Sony launches waterproof tablet
IT has been a long time since Sony made mobile phones to aspire to, but with the Xperia Z there’s a device that proves the company can still design remarkable products. The companion tablet, unveiled today at Mobile World Congress, not only makes perfect sense, but it’s also even lovelier.
That’s not just because the Tablet Z is waterproof – you really can drop it in the bath and then use it with wet fingers – or because it can take full advantage of the Android operating system. It’s rather because Sony is making a real attempt to produce products that combine form and function, so the Xperia tablet is thin and light, but solid enough to feel that it won’t flex in your hands. With 4G and at 6.9mm thin, it weighs just 495g.
And in the world of Android, design is currently the only real way to differentiate: with the Tablet Z Sony, however, proves that it can make a real difference.
So yes, the software is just what you’d expect – it’s Android with some of Sony’s entertainment apps, augmented with a remote control and an easy ability to put media onto a TV, of any brand. Sony says that in large part it expects the tablet to be used within the home, either as a companion device or as an additional screen. That’s why it’s concentrated on excellent graphics, thanks to a quadcore Snapdragon S4 processor, and that waterproof and dustproof function. The 8MP camera is decent, but it’s as much about being used for Skype as it is about taking pictures. Implicitly, too, Sony is acknowledging that there still aren’t enough Google tablet apps.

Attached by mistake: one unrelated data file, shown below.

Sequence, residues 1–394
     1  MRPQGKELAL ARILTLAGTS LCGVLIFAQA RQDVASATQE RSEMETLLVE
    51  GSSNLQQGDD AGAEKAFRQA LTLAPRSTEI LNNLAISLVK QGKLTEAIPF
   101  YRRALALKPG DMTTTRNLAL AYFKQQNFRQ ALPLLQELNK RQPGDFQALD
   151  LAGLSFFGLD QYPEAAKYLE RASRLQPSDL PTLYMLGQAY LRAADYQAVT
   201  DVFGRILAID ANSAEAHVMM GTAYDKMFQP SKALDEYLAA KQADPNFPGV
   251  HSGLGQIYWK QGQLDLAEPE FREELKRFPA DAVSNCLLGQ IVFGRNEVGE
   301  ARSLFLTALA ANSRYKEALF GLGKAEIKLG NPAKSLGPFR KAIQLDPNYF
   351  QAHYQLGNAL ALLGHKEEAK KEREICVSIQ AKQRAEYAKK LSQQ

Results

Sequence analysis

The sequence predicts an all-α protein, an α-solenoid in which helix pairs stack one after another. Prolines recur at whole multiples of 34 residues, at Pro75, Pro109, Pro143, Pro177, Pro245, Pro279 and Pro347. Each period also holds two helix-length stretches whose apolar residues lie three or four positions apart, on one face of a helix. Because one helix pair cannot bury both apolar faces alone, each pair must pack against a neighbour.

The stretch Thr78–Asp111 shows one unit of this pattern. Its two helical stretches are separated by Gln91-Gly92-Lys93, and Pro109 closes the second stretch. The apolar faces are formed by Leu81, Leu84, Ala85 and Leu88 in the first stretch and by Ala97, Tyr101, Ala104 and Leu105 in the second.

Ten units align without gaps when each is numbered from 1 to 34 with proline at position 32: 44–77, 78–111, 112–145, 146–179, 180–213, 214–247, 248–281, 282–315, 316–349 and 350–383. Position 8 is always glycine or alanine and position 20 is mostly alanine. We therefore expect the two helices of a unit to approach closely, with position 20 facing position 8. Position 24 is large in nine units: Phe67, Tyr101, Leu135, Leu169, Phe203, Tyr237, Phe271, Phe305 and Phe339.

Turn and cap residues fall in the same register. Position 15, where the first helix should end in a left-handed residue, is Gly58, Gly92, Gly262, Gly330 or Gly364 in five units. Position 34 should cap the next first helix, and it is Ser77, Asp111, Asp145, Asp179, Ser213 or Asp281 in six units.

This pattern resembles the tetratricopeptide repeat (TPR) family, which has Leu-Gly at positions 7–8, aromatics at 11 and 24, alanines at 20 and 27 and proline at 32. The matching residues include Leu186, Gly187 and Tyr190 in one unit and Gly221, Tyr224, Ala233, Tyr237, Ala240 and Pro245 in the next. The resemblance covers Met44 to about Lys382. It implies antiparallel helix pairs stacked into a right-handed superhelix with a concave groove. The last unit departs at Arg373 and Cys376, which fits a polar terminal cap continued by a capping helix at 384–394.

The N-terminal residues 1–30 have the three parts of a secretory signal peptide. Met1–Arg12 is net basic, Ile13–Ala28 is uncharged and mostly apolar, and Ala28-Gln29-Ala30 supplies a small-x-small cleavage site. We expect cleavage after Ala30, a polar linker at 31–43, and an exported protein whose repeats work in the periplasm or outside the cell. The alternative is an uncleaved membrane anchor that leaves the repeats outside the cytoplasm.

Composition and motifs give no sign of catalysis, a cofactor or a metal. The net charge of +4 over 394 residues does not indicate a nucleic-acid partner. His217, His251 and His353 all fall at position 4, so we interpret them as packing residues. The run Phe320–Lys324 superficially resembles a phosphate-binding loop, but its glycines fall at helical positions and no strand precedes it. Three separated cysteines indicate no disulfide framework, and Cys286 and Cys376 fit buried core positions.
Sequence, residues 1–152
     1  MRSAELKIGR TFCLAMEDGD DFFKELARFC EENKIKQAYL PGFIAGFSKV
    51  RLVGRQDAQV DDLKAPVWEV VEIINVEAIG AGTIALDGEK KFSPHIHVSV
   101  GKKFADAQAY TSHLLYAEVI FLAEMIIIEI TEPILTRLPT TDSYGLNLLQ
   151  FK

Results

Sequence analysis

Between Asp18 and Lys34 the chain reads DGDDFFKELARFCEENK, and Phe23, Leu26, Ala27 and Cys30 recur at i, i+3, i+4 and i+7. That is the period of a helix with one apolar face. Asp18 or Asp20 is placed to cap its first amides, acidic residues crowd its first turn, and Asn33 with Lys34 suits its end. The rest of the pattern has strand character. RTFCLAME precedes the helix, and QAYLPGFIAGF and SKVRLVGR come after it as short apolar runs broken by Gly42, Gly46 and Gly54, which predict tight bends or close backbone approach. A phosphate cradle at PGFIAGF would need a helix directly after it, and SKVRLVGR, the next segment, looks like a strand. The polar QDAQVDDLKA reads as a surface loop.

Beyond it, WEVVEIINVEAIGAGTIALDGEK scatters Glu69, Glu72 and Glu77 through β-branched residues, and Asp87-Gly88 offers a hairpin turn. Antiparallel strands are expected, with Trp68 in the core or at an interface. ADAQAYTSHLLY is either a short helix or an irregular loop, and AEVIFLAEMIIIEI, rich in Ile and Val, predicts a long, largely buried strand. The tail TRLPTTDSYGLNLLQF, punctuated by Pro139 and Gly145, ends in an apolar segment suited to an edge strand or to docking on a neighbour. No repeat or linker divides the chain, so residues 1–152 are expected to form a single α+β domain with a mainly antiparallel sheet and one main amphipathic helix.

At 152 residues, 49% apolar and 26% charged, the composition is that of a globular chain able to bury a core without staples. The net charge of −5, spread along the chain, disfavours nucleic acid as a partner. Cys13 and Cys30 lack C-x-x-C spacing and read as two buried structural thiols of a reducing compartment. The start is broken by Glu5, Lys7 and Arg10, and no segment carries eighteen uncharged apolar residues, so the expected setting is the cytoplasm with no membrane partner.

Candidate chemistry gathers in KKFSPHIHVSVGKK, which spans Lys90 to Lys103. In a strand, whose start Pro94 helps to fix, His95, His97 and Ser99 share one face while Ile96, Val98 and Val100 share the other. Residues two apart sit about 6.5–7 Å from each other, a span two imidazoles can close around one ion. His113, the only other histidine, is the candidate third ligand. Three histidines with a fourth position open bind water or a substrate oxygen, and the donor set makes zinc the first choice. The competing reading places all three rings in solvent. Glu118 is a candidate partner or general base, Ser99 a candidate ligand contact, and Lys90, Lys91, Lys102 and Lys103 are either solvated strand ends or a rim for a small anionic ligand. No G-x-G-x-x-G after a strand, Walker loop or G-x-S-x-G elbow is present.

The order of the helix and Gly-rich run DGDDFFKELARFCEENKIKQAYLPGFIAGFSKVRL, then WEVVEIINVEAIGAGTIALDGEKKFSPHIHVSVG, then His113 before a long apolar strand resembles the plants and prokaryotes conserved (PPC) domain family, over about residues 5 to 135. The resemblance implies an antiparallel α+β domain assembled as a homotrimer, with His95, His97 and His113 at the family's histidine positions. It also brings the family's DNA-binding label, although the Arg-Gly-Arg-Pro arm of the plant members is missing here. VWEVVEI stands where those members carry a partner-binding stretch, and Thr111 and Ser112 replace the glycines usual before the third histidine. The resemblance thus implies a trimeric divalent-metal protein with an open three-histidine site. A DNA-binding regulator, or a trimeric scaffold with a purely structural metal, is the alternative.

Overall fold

Aiming at the sofa rather than the workplace makes it all the more important that the device is a joy to hold and to use: Sony doesn’t envisage this being a productivity device, so although it can be used for email and Office-type applications, the hope is that it simply disappears into the background while you’re watching something, and looks great when it’s not in use. With that in mind, the metal standby button and the slim form factor is particularly sensible.
What’s a challenge for Sony, however, is to get the as yet undisclosed price right: because ultimately the Xperia Z is a beautifully designed Android tablet, but for those who are less bothered by design it will be easy to say that it’s simply a more expensive Android tablet and why not buy a cheaper one. So Sony’s challenge is to make it a premium price, but not too premium. With no unique, killer features, design is all its got. Thankfully, however, there’s more of it here than there is for any other large tablet.
By Matt Warman Telegraph.co.uk